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Will Smith might not have any producer credits in the upcoming film, Brotherly Love, but according to Queen Latifah, the Philadelphia native’s youth is all over the script.

“Will is an ever-present figure in everything. Plus, it’s Overbook High, that’s his high school,” Latifah, executive producer of the film told HipHollywood exclusively. “His youth and how he grew up is all over this script, Charlie Mack is all over this script … It’s just kind of the way he grew up and being able to tell a story he can relate to.”

The film’s star, Keke Palmer also revealed that one of the film’s production offices was the house that Smith grew up in.

Brotherly Love, which is set in Philly, is a story about family, love and the fight between two neighborhoods. The drama follows the Taylor siblings and the eldest brother’s journey to lead his family to greatness.

Played by Cory Hardrict, the oldest Taylor brother has some heavy shoes to fill; keeping his brother Sergio, played by Eric Hill focused on basketball and making sure his sister, played by Palmer doesn’t get sidetracked by her teenage love.

“Jackie is just in a place in her life where she is tired of playing the role of Jackie,” Keke told us. “She is tired of being the princess of the family but she doesn’t know who she is outside of that. She meets someone in the film that also sees that she is ready to explore the many different levels of who she is.”

The man that steals Palmer’s heart, Quincy Brown, the son of Kim Porter and Al B. Sure! “I am the new guy in town. I fall in love and coming with that it wasn’t just an easy route of love,” Quincy told us. “It was facing everything that had to deal with the woman I decided to love.”

Brotherly Love hits theaters on April 24.

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EXCLUSIVES

Netflix’s ‘Step Sisters’ Is ‘Bring It On’ … But Way More Woke!

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Netflix is getting ready to “Bring It On” … in more ways than one. The streaming service’s new flick Step Sisters is reminiscent of the 90s dance film, but delves deeper into racial themes like cultural appropriation, tokenization and interracial dating.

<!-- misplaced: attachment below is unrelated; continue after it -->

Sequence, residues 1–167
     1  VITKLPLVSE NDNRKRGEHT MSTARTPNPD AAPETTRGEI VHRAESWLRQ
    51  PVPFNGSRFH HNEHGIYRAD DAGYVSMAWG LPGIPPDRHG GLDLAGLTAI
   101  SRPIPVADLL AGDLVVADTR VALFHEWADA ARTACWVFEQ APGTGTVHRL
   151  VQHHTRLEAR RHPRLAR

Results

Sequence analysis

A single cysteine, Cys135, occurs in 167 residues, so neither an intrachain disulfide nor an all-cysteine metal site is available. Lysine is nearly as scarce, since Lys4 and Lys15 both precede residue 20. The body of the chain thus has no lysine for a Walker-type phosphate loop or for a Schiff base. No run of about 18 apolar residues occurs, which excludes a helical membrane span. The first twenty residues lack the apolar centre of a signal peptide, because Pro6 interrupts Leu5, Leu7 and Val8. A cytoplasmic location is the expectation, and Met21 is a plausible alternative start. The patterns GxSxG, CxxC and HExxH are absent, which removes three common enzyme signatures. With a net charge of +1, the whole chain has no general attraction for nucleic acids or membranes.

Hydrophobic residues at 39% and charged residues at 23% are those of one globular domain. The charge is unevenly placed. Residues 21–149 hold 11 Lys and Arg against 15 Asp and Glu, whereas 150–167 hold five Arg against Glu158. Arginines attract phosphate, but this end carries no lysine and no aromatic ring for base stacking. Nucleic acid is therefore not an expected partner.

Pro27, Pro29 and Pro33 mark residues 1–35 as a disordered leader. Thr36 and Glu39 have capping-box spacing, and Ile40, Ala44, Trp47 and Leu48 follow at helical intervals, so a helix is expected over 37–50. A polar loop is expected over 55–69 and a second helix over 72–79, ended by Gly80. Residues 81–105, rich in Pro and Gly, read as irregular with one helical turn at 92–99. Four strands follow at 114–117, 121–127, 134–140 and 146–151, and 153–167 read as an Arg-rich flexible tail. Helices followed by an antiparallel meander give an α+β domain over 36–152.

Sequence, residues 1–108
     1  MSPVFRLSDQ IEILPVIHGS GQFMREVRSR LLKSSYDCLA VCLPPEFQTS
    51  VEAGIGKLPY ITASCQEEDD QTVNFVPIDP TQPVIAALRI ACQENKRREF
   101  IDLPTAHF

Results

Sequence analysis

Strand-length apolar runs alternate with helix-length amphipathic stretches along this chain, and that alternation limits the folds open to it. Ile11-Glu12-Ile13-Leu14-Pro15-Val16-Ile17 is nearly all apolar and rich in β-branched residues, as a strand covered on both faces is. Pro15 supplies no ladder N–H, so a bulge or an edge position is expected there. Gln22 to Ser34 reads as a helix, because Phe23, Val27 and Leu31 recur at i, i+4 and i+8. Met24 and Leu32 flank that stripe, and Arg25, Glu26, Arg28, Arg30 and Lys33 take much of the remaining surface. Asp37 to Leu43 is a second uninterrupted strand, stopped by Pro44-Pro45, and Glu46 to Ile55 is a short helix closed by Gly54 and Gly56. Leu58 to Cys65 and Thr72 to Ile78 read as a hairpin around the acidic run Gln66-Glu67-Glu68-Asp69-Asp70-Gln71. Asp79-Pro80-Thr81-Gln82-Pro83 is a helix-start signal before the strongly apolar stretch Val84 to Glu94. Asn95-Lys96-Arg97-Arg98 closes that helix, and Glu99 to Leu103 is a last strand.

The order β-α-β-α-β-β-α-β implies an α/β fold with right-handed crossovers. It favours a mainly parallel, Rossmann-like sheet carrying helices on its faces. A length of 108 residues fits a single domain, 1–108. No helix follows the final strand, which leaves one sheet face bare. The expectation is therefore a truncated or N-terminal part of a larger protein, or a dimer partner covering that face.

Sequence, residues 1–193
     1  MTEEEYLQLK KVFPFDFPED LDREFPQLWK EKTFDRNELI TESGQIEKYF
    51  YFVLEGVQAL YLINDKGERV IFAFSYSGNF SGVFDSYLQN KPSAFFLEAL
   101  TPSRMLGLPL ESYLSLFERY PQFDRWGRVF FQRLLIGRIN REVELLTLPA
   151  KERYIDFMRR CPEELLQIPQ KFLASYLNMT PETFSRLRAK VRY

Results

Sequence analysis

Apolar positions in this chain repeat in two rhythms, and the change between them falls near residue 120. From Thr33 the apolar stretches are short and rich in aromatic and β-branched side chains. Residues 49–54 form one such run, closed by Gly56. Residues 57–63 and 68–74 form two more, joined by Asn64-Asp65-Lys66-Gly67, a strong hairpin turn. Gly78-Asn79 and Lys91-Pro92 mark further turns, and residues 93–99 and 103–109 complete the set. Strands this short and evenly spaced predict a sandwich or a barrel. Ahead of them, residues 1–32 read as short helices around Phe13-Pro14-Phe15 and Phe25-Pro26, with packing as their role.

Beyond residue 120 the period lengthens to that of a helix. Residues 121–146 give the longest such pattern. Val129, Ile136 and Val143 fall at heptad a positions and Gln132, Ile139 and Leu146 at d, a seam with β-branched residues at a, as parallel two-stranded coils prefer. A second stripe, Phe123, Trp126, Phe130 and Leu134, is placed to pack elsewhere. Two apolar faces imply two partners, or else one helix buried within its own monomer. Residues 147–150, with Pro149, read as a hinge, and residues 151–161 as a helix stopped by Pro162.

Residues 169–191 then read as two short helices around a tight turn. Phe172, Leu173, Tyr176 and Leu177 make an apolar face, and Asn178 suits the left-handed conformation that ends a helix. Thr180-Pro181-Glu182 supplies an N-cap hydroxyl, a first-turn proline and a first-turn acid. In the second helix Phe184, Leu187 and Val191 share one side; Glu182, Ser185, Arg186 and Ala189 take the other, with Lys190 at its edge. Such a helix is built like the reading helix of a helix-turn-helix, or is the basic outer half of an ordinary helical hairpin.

In the film Megalyn Echikunwoke (Arrow) plays the president of a black sorority who is tasked with teaching one of the campus’ white sororities how to step for a charity competition. At first glimpse the film seems to be stepping into a can of worms — and had folks on Twitter up in arms, but the creators and cast told HipHollywood it isn’t about cultural appropriation but instead cultural exchange.

“There’s a strong political message, and there’s a lot of racial content,” said Nia Jervier. “But I think that the pill that may be difficult to swallow is dipped in honey, because it’s funny.”

What also helps is that producer/writers like Lena Waithe (Masters of None), Chuck Hayward (Dear White People) and Ben Cory Jones (Underground) are behind the project – so you know it’s woke.

“At the end of the day, Jamila the lead character in our minds she’s reaching over to show them a part of our culture. It doesn’t dilute our culture,” said Jones. ” And I love that we can take stepping and evolve that into issues of race and culture.”

Step Sisters begins streaming on Netflix January 20th.

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